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FOR IMMEDIATE RELEASE
November 02, 2010
Drug maker pays Washington $6M in settlement over impure, watered-down and contaminated drugs

GlaxoSmithKline agrees to resolve case over Paxil and other drugs 

OLYMPIA – Washington State Attorney General Rob McKenna announced today that the state will receive over $6 million from a settlement with international drug manufacturer GlaxoSmithKline (GSK).

The settlement with the federal government and several states resolves allegations of poor manufacturing practices in the GSK facility in Cidra, Puerto Rico. As a result, state and federal health programs paid for drugs in strengths, purity and quality levels below standards set by the U.S. Food and Drug Administration (FDA).

“Strict rules protect government health programs and the taxpayers who fund them,” McKenna said. “Every drug purchased by Medicaid must meet FDA standards. Companies seeking to do business with this program must follow the rules or face the legal and financial consequences.”

About $3 million will be split between the state’s Medicaid program and the general fund. The rest of Washington state’s portion of proceeds will be returned to the federal government to cover its share of Medicaid spending on the drugs for Washingtonians. So far this year, the Washington State Attorney General’s Office has recovered $24.8 million through legal action against drug companies.

The GSK investigation grew out of a false claims action filed in 2004 in U.S. District Court in Massachusetts. A whistleblower alleged that GSK knowingly manufactured, distributed and sold four drugs in violation of FDA standards. In the case of Paxil CR, the controlled-release antidepressant was produced in a way that created split tablets. Patients received tablets with no active ingredient, only the active ingredient layer, and/or tablets with no controlled release mechanism.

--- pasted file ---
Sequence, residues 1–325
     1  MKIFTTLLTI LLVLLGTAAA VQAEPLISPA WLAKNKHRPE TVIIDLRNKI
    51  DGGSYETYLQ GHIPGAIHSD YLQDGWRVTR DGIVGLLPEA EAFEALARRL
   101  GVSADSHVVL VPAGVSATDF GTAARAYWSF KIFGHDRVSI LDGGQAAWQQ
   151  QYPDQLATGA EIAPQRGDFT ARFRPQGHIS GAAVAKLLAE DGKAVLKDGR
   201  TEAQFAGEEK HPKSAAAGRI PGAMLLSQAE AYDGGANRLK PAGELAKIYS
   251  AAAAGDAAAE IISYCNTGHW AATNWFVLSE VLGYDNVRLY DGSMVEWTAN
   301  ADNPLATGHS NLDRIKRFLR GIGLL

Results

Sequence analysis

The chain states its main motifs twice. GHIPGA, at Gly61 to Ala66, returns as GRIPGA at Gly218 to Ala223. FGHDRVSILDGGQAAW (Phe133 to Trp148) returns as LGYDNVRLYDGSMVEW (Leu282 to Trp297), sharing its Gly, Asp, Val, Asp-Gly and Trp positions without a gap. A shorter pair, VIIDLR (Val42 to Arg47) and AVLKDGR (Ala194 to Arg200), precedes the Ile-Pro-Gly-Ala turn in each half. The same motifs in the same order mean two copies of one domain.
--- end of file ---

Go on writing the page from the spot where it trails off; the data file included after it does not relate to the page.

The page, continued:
In addition, the diabetes medication Avandamet was produced with tablets containing higher or lower amounts of the active ingredient than specified. The anti-nausea drug Kytril was labeled as sterile but some vials contained impurities. And some Bactroban antibiotic ointments and creams were contaminated with microorganisms.

The National Association of Medicaid Fraud Control Units joined the federal government to reach an agreement in principle with the pharmaceutical manufacturer. As a result, GSK will pay the states and the federal government $600 million in civil damages and penalties for Medicaid and other federally-funded health care programs. Proceeds for individual states are determined based on how much was improperly spent on the drugs during the time period in question.

Additionally, GSK subsidiary, SB Pharmaco of Puerto Rico, has agreed to plead guilty to a felony violation of the U.S. Food, Drug, and Cosmetic Act, and has agreed to pay $150 million in criminal fines and forfeitures.


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Contacts:

Janelle Guthrie, AGO Communications Director, (360) 586-0725

 

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